The beginning of the school year is always a time of nostalgia for me. So much of my life was lived around the rhythms of a university. Of course, our family life has been structured around a school calendar. It seems teaching and educating our youth has been what my life has been structured around.
I think of the Crosby, Stills, Nash and Young song that reminds us to “teach the children well.” We have
prayed for all the students going to school and for the dedicated teachers. We even had a “Blessing of The Backpacks” at church the first week of school, blessing the pen, paper, books, children and teachers. Yes, we recognize the importance of teaching our children well. I am grateful for all the people who work in schools in order to teach our children well.
As preparation for my upcoming Bible study I spent time reading the book of Exodus. In particular Exodus 12: 26-28 which directs the Israelites to teach their children the meaning of the Passover, or Seder meal. The scripture reminds me of our sacred responsibility not only to teach reading, writing and arithmetic, but we have an even greater responsibility to teach our children the story of our faith.
Object Lessons Teach Story of Faith
Exodus recounts the story of the Exodus, and that Passover or Seder meal that was established to teach the children. The meal is intended to teach the children the great story of their faith, the historical and spiritual elements of the community and the faith.
In a similar way, our celebration of the Eucharist or Communion is a meal to help us
remember the central story of our faith; the life, death and resurrection of Jesus. Sunday School and Junior Church also play an important role in teaching our children the story.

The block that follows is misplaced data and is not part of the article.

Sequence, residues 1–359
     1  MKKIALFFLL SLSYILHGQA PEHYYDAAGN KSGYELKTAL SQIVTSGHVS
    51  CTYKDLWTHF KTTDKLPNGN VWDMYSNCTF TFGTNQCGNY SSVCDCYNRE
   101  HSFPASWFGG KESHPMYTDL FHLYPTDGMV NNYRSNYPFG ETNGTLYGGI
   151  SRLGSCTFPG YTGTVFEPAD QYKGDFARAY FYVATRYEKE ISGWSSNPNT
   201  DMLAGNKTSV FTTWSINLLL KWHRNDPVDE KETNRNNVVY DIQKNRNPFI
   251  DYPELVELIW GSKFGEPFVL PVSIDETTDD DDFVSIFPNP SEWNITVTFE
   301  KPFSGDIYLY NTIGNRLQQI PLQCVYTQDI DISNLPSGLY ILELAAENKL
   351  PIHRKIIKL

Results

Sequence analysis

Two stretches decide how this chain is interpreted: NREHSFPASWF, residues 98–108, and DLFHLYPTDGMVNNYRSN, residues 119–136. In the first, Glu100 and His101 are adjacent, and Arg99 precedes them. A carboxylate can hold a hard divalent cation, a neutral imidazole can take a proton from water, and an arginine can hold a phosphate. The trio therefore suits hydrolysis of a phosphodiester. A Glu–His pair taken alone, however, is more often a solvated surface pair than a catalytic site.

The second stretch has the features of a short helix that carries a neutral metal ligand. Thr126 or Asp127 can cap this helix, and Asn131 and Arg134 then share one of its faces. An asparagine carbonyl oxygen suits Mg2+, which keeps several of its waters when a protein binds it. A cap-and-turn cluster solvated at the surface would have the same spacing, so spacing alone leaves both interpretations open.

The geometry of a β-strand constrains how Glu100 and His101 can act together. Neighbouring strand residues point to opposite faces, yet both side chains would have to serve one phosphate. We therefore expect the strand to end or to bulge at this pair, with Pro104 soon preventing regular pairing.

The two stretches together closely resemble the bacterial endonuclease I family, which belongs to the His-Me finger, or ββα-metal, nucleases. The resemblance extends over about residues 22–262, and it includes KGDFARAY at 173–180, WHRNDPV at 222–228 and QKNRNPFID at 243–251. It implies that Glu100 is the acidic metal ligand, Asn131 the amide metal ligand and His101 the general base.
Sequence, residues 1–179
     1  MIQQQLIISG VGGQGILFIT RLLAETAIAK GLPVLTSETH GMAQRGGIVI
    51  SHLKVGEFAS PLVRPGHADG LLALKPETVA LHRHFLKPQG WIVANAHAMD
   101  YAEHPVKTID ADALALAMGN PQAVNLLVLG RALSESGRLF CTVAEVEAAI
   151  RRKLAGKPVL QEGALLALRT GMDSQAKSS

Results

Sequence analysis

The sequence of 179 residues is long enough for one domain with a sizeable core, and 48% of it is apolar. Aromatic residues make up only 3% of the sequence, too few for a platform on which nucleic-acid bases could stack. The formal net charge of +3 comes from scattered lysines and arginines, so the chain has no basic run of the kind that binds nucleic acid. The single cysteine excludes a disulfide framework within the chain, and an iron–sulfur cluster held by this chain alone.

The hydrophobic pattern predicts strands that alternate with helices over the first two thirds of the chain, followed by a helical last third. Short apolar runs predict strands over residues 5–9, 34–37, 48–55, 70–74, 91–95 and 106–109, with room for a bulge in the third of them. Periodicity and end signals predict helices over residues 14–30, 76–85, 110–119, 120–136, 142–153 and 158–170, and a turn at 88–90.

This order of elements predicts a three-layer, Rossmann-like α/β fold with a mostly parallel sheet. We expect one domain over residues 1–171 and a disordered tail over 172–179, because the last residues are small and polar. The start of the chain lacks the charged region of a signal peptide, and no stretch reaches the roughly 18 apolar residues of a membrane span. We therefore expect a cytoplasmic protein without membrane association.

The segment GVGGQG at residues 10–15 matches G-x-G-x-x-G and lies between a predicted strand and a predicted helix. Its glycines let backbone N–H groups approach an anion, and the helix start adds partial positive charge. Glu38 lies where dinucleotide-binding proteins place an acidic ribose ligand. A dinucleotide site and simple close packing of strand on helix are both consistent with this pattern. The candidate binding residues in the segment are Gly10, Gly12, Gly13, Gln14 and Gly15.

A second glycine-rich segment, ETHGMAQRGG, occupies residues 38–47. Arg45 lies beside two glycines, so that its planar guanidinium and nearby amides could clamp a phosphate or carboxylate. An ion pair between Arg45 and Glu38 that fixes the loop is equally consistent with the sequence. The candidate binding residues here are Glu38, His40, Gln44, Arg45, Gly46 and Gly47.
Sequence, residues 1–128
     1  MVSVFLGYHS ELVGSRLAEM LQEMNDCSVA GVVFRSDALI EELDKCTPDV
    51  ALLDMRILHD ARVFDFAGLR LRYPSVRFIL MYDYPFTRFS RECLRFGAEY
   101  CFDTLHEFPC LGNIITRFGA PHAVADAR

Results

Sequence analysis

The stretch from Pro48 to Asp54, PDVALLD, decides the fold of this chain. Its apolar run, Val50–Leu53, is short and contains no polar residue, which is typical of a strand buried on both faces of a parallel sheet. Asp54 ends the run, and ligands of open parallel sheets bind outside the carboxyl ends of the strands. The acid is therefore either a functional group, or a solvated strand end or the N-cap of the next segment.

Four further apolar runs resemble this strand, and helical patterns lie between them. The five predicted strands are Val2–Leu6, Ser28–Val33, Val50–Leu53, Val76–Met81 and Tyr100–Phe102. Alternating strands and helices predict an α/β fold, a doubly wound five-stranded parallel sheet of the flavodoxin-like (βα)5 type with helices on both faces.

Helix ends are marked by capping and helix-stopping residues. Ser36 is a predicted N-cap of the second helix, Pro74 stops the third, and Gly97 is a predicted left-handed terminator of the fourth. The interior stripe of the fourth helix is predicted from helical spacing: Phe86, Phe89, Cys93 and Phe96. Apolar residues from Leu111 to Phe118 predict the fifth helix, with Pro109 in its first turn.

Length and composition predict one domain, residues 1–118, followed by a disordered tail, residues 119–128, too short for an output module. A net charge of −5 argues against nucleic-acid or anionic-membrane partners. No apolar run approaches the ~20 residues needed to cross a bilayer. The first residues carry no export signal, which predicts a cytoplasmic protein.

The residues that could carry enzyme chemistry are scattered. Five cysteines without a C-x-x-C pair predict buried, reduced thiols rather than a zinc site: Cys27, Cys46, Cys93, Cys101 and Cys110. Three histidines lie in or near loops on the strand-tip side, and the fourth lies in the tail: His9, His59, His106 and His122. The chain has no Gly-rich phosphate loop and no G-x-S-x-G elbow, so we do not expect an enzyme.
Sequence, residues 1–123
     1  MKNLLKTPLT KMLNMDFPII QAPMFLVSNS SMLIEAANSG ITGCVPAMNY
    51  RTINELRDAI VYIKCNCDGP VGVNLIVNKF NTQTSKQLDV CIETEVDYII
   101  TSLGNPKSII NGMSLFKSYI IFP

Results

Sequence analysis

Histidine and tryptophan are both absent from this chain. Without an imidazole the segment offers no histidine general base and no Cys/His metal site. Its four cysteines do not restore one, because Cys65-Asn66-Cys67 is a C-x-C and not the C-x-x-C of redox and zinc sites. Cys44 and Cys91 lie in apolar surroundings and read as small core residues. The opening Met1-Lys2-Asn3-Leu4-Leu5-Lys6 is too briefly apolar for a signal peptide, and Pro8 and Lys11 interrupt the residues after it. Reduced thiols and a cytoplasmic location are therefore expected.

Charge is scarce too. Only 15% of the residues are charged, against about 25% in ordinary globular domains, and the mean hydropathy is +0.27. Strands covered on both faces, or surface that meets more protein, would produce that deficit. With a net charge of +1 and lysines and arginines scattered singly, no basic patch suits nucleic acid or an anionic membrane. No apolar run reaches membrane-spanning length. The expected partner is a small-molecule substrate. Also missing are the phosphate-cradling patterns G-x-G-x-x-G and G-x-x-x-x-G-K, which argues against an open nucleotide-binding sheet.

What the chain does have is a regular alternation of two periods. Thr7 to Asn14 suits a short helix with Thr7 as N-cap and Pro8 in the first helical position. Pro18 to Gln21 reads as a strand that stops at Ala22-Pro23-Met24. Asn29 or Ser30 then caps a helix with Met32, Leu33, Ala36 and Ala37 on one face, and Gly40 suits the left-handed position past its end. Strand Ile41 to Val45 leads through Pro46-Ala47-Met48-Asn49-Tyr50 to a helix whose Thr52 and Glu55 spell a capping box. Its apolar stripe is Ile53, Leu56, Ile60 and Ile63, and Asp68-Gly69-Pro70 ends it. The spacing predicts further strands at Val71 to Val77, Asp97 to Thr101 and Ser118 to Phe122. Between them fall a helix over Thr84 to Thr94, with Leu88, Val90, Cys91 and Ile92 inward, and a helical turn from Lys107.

The Story of the Christian community is not only found in the New Testament. The story of our faith begins in the Hebrew Scripture (Old Testament), and continues through the book of Revelation. The story of the Bible is indeed the greatest story ever told, for it is the story of God’s relationship to the human race. The main characters of the story are God and a people called to be a blessing to all the world.
The Hebrews found the story to be enough to sustain them in the Babylonian Exile, build a faith community upon return from Exile, and to sustain an identity even through to this century. The Church has found this Story to be powerful enough to withstand all the world has thrown at it. It is a peculiar story of God who was made known in the person of Jesus Christ whose life could not be contained in the grave.
This is our story and we need to teach it to our children. It is a story with the power to change lives and our communities.
From God’s Word
Exodus 12:26-28 New International Version (NIV)
26 And when your children ask you, ‘What does this ceremony mean to you?’ 27 then tell them, ‘It is the Passover sacrifice to the Lord, who passed over the houses of the Israelites in Egypt and spared our homes when he struck down the Egyptians.’” Then the people bowed down and worshiped. 28 The Israelites did just what the Lord commanded Moses and Aaron.
“Teach The Children Well,” by Crosby, Stills, Nash, and Young.